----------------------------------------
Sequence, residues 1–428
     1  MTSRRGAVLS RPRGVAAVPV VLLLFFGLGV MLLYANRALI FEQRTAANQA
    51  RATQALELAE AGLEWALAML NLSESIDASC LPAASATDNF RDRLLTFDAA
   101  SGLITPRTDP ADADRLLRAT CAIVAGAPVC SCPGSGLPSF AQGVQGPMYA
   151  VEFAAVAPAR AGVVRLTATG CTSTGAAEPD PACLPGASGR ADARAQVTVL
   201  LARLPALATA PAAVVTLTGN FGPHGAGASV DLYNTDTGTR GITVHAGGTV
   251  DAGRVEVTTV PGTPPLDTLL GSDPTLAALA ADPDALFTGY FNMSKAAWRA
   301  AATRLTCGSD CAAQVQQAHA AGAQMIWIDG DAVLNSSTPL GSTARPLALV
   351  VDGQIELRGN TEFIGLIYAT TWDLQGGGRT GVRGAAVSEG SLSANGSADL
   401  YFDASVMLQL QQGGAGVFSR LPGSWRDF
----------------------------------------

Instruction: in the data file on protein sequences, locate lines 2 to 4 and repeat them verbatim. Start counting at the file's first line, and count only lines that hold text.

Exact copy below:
     1  MTSRRGAVLS RPRGVAAVPV VLLLFFGLGV MLLYANRALI FEQRTAANQA
    51  RATQALELAE AGLEWALAML NLSESIDASC LPAASATDNF RDRLLTFDAA
   101  SGLITPRTDP ADADRLLRAT CAIVAGAPVC SCPGSGLPSF AQGVQGPMYA